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NSF Asks For More Of What Congress Already Likes

14% increase features more for education, academic facilities, and some new projects that look into space. WASHINGTON--This year NSF decided to go with the flow. The 14% increase requested in President Bush's 1991 proposed budget, which continues the pledge first made by President Reagan in 1987 to double the agency's budget in five years, would give more money to several programs that Congress already supports. As a result, foundation officials think their $2.38 billion budget has a better ch

Jeffrey Mervis


14% increase features more for education, academic facilities, and some new projects that look into space.
WASHINGTON--This year NSF decided to go with the flow. The 14% increase requested in President Bush's 1991 proposed budget, which continues the pledge first made by President Reagan in 1987 to double the agency's budget in five years, would give more money to several programs that Congress already supports. As a result, foundation officials think their $2.38 billion budget has a better chance of surviving intact than has been the case in recent years, when similar large requests were trimmed sharply.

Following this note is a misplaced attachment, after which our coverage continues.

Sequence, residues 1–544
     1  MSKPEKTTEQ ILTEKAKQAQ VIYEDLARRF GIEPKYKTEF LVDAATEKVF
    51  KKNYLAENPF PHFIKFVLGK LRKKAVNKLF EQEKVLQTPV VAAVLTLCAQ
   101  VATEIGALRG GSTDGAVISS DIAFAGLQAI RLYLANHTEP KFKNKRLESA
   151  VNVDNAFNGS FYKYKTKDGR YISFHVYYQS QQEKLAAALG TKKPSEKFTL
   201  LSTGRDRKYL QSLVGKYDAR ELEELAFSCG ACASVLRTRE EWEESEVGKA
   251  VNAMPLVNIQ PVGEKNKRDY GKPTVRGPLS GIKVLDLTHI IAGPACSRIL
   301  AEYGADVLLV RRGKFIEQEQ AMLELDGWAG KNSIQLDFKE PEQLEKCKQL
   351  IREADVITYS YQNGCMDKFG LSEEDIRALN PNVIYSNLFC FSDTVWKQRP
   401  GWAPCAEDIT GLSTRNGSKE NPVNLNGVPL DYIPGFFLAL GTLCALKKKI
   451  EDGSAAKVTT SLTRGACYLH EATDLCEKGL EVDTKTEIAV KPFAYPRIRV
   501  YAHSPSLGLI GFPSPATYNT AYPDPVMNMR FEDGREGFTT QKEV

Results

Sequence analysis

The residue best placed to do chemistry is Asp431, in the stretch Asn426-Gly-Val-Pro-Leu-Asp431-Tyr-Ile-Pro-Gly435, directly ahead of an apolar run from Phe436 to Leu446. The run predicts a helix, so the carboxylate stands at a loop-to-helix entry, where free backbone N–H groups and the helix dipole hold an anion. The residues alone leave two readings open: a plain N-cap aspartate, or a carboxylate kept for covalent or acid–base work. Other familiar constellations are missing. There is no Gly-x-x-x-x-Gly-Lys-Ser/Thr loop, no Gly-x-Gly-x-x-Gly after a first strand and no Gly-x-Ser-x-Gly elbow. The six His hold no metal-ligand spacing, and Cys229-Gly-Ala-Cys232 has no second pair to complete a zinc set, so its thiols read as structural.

"We have a lot going for us," NSF Director Erich Bloch told members of the National Science Board at its February 9 meeting. "Many of the things that we're asking for are also important themes in the overall budget." He ticked off education, academic facilities, global climate change and the environment, and a...

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